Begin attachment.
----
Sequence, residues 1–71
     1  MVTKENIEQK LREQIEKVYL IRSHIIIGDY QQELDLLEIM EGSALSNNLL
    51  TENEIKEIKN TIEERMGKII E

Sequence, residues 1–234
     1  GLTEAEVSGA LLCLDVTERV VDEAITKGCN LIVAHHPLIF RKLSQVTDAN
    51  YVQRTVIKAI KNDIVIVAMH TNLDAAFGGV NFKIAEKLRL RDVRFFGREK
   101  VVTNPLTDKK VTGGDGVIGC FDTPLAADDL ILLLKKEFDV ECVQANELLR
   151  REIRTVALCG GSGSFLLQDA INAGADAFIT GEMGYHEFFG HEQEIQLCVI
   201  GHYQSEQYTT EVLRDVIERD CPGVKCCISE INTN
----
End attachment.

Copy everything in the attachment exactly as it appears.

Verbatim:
Sequence, residues 1–71
     1  MVTKENIEQK LREQIEKVYL IRSHIIIGDY QQELDLLEIM EGSALSNNLL
    51  TENEIKEIKN TIEERMGKII E

Sequence, residues 1–234
     1  GLTEAEVSGA LLCLDVTERV VDEAITKGCN LIVAHHPLIF RKLSQVTDAN
    51  YVQRTVIKAI KNDIVIVAMH TNLDAAFGGV NFKIAEKLRL RDVRFFGREK
   101  VVTNPLTDKK VTGGDGVIGC FDTPLAADDL ILLLKKEFDV ECVQANELLR
   151  REIRTVALCG GSGSFLLQDA INAGADAFIT GEMGYHEFFG HEQEIQLCVI
   201  GHYQSEQYTT EVLRDVIERD CPGVKCCISE INTN